In each of the examples above, the lawyer is using the current client’s information without actually revealing the information. The use of a current client’s information is not permissible if it is being used to the disadvantage of the client. As noted above, a lawyer may use a former client’s information, even to the disadvantage of the former client, if it has become “generally known.” Rule 1.9(c)(1).

Duh!

So when is information “generally known”? Comment [8] to Rule 1.9 provides the following explanation:

The fact that a lawyer has once served a client does not preclude the lawyer from using generally known information about that client when later representing another client. Whether information is “generally known” depends in part upon how the information was obtained and in part upon the former client’s reasonable expectations. The mere fact that information is accessible through the public record or has become known to some other persons does not necessarily deprive the information of its confidential nature. If the information is known or readily available to a relevant sector of the public—such as the parties involved in the matter—then the information is probably considered “generally known” [emphasis added].

The Restatement (Third) of The Law Governing Lawyers adopts an access approach to the question. If the information is easily accessible to the public, it is “generally known.” If special knowledge or skills are required to obtain the information, or if acquiring it would be expensive, then it is not. See Restatement (Third) of The Law Governing Lawyers § 59(d).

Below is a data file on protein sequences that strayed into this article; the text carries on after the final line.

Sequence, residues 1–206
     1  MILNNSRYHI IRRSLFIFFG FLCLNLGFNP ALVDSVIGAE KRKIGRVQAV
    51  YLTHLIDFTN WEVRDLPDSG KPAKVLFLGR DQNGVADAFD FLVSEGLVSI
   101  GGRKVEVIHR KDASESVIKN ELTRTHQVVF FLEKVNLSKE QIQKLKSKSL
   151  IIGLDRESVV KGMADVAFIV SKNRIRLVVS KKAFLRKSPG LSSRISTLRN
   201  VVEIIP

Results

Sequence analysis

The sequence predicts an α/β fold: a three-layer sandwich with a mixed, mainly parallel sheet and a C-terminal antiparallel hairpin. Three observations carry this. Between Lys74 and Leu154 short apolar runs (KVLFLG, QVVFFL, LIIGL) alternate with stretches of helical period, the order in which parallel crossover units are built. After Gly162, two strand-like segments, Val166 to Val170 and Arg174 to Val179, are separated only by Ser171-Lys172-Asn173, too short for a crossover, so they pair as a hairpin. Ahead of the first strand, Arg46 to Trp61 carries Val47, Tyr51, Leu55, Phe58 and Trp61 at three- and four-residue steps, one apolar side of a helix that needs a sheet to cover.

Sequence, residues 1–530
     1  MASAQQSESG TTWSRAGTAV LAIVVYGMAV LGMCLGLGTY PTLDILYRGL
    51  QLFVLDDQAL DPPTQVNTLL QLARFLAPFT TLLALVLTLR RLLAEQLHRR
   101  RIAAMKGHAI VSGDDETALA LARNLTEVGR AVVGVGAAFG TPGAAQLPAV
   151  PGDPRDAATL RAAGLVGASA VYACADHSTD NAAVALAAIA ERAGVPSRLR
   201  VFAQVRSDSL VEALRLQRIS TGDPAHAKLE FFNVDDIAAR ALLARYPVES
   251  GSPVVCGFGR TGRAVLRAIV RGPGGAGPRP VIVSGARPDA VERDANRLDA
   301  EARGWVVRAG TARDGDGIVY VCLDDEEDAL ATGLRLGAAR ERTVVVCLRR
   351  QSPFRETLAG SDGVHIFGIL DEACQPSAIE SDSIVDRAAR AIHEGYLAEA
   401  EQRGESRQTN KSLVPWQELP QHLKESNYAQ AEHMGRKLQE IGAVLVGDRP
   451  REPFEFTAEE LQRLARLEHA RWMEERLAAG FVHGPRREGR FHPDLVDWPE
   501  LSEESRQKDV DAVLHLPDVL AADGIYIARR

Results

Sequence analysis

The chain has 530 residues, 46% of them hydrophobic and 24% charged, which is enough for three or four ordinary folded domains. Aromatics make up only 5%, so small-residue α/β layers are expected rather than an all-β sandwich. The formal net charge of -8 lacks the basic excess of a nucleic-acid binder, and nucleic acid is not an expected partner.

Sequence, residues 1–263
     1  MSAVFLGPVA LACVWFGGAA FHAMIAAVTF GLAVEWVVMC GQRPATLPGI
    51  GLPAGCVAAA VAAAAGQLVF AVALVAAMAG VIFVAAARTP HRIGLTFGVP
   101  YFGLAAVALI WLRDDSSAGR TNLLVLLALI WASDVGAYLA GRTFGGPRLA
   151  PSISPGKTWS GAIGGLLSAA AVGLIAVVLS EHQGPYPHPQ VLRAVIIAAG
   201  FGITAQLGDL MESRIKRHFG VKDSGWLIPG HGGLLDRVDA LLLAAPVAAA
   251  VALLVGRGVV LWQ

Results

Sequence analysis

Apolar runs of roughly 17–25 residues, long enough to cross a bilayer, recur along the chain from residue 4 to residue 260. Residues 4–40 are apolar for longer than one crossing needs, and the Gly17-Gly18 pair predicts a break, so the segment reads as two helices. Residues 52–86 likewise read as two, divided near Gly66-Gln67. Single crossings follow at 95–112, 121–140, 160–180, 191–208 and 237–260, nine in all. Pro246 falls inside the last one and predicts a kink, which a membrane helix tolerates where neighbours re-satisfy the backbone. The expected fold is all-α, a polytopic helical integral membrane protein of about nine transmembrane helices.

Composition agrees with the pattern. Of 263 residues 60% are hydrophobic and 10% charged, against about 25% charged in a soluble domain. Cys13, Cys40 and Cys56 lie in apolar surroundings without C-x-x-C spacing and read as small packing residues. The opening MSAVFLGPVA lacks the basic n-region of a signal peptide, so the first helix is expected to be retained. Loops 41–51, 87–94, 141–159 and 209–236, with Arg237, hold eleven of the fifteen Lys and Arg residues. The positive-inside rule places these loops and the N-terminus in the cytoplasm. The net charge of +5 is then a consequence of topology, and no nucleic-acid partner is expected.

Exsqueeze Me?

Rule 1.6 provides that a lawyer may never reveal information acquired during the professional relationship with a client (with the noted exceptions), and Rule 1.9(c)(2) prohibits disclosure of a former client’s information, regardless of whether the information has become generally known. At first blush, this prohibition may seem overly broad and impractical.

For this reason, there is some support for the proposition that the rules should specifically state that information in the public domain should not be deemed protected information. See Laws. Man. on Prof. Conduct (ABA/BNA) 55:310. For example, the Restatement provides that a lawyer may not use or disclose confidential client information and defines confidential client information as “information relating to the representation of a client, other than information that is generally known.” Restatement (Third) of the Law Governing Lawyers §59, 60. Similarly, Massachusetts and Wyoming provide in their respective Rules of Professional Conduct that a lawyer “shall not reveal confidential information relating to representation of a client” (emphasis added). Mass. Rules of Prof’l Conduct, R. 1.6(a); Wyo. Rules of Prof’l Conduct R. 1.6(a).

Take a Chill Pill

I don’t believe that such a rule amendment is necessary. The Rules of Professional Conduct are “rules of reason” and should be applied with a common sense approach. Rule 0.2, Scope, cmt. [1]. To reveal is to make something that is secret or hidden publicly or generally known. Merriam-Webster Online Dictionary, 2012, merriam-webster.com/dictionary/reveal (1 Nov. 2012). Rule 1.6 and Rule 1.9 prohibit a lawyer from “revealing” information. Common sense would dictate that information that has been widely disseminated is no longer capable of being “revealed.” See SC Bar Ethics Advisory Comm., Op. 10-4 (2004).

In conclusion, lawyers need to familiarize themselves with the various rules pertaining to the protection of client information as well as the nuances particular to each rule. Lawyers should then take a conservative, yet common sense approach, to the application of these rules in their legal practice.

Suzanne Lever is assistant ethics counsel for the North Carolina State Bar.